1. What are Toolbox Meetings?
A few supervisors and managers have been holding successful toolbox meetings for many years, but now the secret is out. The reality is that they are easy to run and do produce very good results on a regular basis.
How do Toolbox Meetings work?
The supervisor merely sits down somewhere at work (perhaps on the toolbox, hence the name) and talks over work related issues with his or her employees. This also allows workers to tell the supervisor what is really going on with the job, resulting in a two-way communication flow. This is an informal process and therefore has advantages over more formal meetings where people often feel uncomfortable or don’t think the meeting has much to do with them.
Research shows that business performance increases significantly when people are engaged so it is important to find effective ways to pass on information to employees and receive information back from staff – and toolbox meetings can be the answer.
2. Why are Toolbox Meetings so Important?
- Toolbox meetings allow for two things which are quite critical to successful business operations and effective human resource management and employee engagement:
- They are the best way to give employees more information about the business, about what changes are occurring, how they are doing, what is going right, what is going wrong – both at the broader level and most importantly, at the local level. They can help you manage your human resources.
- They are often the best way for management and supervisors to tap into the most precious information which employees have and which they are usually willing to share if only we ask them in the right way. All of us understand that the person doing the job knows just what is going wrong and what can be done to improve things and toolbox meetings can be the way to gather this information. Increased employee engagement leads to better business performance.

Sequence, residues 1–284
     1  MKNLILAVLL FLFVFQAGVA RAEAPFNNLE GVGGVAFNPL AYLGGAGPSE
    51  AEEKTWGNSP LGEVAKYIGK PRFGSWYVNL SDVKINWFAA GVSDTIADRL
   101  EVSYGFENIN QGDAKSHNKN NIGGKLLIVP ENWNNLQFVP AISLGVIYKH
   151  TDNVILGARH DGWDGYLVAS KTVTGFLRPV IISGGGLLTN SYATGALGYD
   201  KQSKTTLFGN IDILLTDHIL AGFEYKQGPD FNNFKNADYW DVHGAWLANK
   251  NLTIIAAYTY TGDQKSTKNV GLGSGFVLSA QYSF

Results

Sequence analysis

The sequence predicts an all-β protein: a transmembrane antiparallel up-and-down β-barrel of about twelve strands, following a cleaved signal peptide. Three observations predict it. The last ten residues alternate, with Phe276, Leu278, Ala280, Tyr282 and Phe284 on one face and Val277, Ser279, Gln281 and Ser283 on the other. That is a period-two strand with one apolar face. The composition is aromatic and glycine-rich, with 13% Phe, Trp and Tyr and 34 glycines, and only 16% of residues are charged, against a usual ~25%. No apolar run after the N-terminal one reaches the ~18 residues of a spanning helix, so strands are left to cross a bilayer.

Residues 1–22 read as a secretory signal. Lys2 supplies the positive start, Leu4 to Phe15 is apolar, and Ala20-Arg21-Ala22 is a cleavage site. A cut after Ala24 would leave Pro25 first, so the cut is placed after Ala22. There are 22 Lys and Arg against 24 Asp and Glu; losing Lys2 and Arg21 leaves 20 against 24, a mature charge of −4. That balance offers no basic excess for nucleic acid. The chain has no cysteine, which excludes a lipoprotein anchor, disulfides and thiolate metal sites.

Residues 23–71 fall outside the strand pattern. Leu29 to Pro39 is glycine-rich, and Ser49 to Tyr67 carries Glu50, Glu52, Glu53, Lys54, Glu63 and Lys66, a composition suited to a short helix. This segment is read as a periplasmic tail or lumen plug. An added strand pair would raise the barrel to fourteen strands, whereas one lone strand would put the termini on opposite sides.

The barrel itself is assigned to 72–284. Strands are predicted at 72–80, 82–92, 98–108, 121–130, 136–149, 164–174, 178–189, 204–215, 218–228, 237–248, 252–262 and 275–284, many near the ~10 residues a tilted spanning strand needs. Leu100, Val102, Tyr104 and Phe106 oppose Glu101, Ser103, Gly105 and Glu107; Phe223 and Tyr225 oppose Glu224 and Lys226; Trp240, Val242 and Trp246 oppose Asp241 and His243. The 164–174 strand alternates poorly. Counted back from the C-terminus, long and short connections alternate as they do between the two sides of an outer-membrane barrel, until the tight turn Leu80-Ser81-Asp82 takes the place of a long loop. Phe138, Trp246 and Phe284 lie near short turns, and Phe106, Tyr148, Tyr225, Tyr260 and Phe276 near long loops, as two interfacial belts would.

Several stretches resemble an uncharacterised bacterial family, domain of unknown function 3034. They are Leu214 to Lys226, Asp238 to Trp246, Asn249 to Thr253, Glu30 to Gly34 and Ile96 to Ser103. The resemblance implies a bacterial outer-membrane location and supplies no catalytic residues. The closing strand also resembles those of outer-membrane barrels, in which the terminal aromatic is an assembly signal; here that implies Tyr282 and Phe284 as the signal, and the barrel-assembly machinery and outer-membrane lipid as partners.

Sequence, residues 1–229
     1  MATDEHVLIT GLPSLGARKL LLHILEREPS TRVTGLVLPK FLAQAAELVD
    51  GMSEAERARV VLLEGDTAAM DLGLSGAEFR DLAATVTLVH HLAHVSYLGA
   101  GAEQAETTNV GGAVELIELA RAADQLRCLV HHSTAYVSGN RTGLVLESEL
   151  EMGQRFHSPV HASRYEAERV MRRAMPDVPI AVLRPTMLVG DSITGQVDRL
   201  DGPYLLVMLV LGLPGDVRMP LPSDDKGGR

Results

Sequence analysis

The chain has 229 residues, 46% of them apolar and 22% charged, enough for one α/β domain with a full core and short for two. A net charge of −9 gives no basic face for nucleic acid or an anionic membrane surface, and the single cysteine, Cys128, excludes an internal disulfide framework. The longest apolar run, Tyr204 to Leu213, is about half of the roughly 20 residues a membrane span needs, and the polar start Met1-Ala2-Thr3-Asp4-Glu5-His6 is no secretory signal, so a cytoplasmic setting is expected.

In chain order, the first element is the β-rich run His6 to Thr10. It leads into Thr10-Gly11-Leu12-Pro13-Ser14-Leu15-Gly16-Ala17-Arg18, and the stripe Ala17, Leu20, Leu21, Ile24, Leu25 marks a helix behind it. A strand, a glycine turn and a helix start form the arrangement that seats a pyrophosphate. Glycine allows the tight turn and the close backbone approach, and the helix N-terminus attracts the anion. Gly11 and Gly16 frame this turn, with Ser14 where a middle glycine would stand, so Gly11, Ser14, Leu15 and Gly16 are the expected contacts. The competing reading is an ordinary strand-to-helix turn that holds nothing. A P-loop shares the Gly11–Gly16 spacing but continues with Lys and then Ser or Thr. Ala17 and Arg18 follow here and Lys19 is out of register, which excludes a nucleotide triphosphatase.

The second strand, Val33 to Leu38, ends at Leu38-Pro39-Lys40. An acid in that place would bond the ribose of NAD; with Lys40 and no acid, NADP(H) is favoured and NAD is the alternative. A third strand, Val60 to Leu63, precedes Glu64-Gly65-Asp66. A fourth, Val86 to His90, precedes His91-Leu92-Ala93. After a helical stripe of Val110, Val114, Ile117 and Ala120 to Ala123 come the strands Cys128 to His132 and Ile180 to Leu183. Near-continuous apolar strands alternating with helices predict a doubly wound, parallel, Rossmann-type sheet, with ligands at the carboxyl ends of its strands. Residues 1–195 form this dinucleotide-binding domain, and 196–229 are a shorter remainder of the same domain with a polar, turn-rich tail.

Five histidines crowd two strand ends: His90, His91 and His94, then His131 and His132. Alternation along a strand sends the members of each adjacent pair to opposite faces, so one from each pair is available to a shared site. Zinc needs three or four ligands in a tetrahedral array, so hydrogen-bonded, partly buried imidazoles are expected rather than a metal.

- Toolbox meetings are also important because we now have the evidence that employees are interested in what is happening to the business they work in. That should be no surprise, but somehow it often is. Employees are interested in information about their jobs, changes that are going on locally, how they are doing, their own prospects for promotion, what training is available and so on. Most importantly, they want to hear about all of this from the person they would like to believe before anyone else – their immediate supervisor.
Employees are interested in what is happening to the business they work in and in information about their jobs
3. The Nuts and Bolts of Toolbox Meetings
Over the years, a lot of supervisors have tried ‘having a meeting’ with their employees and many times these have been quite disastrous. Usually, this has been because the nuts and bolts have not been right. In particular, there are four things which have often gone wrong:
- They have been held in the wrong place at the wrong time.
- The supervisor did not have anything important to say and probably didn’t want to hold the meeting in the first place and that quickly shows.
- The supervisor didn’t know how to run the meeting and it became an embarrassing shambles.
- The employees had been through these sorts of meetings before and thought they were a waste of time. They had offered ideas before but nothing happened, so they figured why bother?
For more on Toolbox meetings and how to tighten those loose nuts and bolts and avoid disastrous or simply ineffective meetings, look out for Running an Effective Toolbox Meeting – Part 2.